The church said Aretakis met with the church's attorney, Michael Costello, on June 4 and "demanded" an additional $350,000 a year for six years as the price for continuing to honor the confidentiality agreement. The church said it promptly rejected the offer.

On Wednesday, Aretakis, who lives in North Greenbush and has an office in New York City, declined to comment on the case.

The church has settled two cases involving Haight, a Schenectady native ordained in 1976. In the 1970s and 1980s, Haight worked at several Capital Region churches, including St. Patrick's in Troy, Our Lady of Grace in Ballston Lake and St. Gabriel's in Rotterdam, church officials said.

The church received its first allegation of sexual abuse by Haight in 1989, when he was a pastor at St. Joseph's Church in Scotia. The church later settled with Haight's first accuser and sent the priest to a residential treatment program for pedophiles.

Church officials allowed Haight to return to a "limited form of ministry" in 1990, when he was posted as a chaplain at Glens Falls Hospital. For years church officials said they considered hospital ministries to be a sufficiently supervised setting for a priest with a history of sexual abuse.

Haight served as chaplain in Glens Falls for six years, during which time there were no known allegations of sexual abuse. He was removed from the post in 1996 after a second person came forward alleging sexual abuse, resulting in the nearly $1 million settlement.

The church said confidentiality clauses were considered standard parts of liability settlements until May, when the diocese adopted a new policy that banned their use in any future cases because they were "perceived by people to be an attempt to engage in a cover-up or to gag the recipient of the settlement," Hubbard said at the time.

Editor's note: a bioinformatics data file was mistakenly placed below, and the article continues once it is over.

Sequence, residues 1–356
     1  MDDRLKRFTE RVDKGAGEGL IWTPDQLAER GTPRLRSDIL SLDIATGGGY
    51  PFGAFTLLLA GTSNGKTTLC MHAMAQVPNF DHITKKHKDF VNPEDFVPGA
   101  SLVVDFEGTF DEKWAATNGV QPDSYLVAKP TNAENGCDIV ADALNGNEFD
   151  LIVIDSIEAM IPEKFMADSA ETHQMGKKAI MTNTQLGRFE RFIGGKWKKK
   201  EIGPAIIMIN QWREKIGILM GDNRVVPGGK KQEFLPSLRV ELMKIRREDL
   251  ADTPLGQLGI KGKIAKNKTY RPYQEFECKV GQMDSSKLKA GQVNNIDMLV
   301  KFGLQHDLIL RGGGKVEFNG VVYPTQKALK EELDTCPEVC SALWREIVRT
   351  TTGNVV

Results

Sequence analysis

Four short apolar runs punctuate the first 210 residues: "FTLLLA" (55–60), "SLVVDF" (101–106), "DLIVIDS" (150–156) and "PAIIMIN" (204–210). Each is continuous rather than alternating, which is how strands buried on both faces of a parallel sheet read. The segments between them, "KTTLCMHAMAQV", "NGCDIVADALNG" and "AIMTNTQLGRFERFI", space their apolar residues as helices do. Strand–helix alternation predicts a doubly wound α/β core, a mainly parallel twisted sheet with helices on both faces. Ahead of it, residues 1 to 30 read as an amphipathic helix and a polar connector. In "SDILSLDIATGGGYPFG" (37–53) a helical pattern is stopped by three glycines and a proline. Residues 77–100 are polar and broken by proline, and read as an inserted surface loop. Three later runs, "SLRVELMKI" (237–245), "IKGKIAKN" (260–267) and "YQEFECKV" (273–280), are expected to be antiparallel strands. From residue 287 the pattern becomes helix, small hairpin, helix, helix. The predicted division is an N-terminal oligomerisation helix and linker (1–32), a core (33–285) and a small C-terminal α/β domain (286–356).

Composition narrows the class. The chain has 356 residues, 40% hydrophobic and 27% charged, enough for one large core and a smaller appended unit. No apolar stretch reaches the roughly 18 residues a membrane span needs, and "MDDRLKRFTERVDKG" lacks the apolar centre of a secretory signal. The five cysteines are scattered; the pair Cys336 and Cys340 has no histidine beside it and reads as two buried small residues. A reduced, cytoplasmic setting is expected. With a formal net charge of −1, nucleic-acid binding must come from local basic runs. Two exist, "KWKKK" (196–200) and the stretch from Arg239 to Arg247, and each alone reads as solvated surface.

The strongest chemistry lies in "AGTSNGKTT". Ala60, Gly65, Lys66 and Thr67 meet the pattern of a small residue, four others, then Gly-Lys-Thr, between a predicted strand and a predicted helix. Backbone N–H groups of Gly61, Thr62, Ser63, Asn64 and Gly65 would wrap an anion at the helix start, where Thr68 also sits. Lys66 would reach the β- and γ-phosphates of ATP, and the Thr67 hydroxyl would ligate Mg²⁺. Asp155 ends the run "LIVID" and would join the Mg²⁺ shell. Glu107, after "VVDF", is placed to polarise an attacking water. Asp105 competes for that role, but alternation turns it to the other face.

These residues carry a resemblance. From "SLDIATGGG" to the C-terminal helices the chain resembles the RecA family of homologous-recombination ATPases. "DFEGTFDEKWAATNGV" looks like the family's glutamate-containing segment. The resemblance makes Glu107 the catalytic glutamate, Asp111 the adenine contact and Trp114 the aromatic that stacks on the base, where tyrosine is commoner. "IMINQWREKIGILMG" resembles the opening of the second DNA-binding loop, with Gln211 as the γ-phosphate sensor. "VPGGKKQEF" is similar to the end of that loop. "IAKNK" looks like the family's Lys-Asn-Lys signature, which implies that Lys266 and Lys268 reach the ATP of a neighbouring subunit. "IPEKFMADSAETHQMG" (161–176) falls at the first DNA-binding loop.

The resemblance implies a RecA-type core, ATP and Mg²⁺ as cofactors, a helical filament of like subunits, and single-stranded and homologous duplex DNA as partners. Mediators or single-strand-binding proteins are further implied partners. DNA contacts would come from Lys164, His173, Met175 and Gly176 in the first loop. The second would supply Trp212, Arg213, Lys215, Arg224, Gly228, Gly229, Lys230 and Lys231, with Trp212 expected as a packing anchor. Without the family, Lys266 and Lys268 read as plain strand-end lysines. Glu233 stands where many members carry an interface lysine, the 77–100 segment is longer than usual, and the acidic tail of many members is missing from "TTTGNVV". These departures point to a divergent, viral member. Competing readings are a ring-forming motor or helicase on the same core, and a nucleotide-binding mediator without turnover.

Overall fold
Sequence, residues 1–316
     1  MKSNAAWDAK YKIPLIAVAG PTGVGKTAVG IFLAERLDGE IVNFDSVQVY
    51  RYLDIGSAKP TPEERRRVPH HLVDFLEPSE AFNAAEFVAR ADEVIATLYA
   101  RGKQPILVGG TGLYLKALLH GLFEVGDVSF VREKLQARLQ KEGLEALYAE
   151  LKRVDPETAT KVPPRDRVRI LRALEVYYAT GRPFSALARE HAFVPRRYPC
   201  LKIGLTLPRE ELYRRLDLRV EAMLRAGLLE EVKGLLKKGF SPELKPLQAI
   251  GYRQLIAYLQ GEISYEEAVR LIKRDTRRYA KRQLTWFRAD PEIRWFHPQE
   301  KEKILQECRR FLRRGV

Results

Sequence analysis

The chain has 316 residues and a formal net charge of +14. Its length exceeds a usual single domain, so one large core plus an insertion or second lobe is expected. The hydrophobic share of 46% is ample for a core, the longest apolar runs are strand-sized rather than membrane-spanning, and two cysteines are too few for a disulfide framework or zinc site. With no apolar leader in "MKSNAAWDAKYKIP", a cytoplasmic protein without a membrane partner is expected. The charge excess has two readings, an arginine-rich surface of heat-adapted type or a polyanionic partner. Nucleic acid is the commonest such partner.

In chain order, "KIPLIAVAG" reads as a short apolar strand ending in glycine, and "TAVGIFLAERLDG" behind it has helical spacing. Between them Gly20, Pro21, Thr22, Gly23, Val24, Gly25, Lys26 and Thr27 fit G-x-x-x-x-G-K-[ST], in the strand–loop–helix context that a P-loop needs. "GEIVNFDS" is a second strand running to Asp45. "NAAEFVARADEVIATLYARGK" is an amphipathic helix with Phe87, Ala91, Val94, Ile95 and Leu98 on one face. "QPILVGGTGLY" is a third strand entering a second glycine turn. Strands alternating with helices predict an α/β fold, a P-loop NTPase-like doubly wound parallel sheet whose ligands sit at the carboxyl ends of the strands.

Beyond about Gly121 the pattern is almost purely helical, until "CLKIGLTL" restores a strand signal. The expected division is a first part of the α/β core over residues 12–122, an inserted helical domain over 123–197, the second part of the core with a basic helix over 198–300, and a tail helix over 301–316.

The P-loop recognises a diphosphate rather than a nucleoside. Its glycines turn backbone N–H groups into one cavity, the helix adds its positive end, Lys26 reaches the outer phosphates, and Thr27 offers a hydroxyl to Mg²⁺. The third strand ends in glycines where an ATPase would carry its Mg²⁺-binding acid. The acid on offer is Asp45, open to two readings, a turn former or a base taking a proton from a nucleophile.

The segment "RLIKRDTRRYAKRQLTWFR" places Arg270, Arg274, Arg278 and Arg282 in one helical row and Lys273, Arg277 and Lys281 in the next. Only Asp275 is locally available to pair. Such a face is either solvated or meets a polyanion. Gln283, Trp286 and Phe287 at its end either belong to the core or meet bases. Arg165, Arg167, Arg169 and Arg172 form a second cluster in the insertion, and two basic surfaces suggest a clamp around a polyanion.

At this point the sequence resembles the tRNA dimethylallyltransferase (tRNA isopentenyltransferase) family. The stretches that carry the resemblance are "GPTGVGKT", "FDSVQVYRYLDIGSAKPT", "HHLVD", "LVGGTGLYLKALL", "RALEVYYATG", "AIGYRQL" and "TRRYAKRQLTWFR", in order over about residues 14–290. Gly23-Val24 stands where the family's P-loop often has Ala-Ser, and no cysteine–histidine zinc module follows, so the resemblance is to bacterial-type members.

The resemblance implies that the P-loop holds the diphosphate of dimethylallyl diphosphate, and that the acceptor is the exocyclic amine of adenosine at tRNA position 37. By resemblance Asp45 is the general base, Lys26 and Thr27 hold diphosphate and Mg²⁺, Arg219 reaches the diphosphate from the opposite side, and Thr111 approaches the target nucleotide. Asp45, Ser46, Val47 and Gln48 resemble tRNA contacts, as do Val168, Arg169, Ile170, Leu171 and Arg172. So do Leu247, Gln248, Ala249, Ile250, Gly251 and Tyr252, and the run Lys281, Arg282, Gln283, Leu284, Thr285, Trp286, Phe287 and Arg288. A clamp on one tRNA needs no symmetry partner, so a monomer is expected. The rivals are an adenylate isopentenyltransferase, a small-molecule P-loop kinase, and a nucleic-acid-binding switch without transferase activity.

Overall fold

Other settlements the Albany diocese has acknowledged include another 1997 case, in which the church paid $70,000 to Thomas Oathout of Watervliet, who accused the Rev. David Bentley of sexually abusing him in the late 1970s when they lived at the Albany Home for Children. Bentley remained on active ministry until Hubbard removed him in April from his post at a parish in New Mexico. FACTS:Abuse settlements Some large payments to child victims of sex abuse by Catholic priests: $30 million awarded in July 1998 by a Stockton, Calif., jury to two brothers, who said Los Angeles Cardinal Roger Mahony ignored documented evidence that the Rev. Oliver O'Grady was a child molester. $23.4 million awarded in July 1998 by a Dallas jury to eight men and the parents of another who committed suicide, all former altar boys, who said former priest Rudolph Kos molested them. $5.2 million agreed to in August 2001 between the Orange Diocese and Los Angeles Archdiocese and a former Santa Margarita Catholic High School student who accused Msgr. Michael A. Harris of molesting him. $5 million awarded to five plaintiffs in a Feb. 1998 court-ordered mediation of Dallas cases in which two former priests, William J. Hughes and Robert J. Peebles, were accused of molesting children during the 1980s.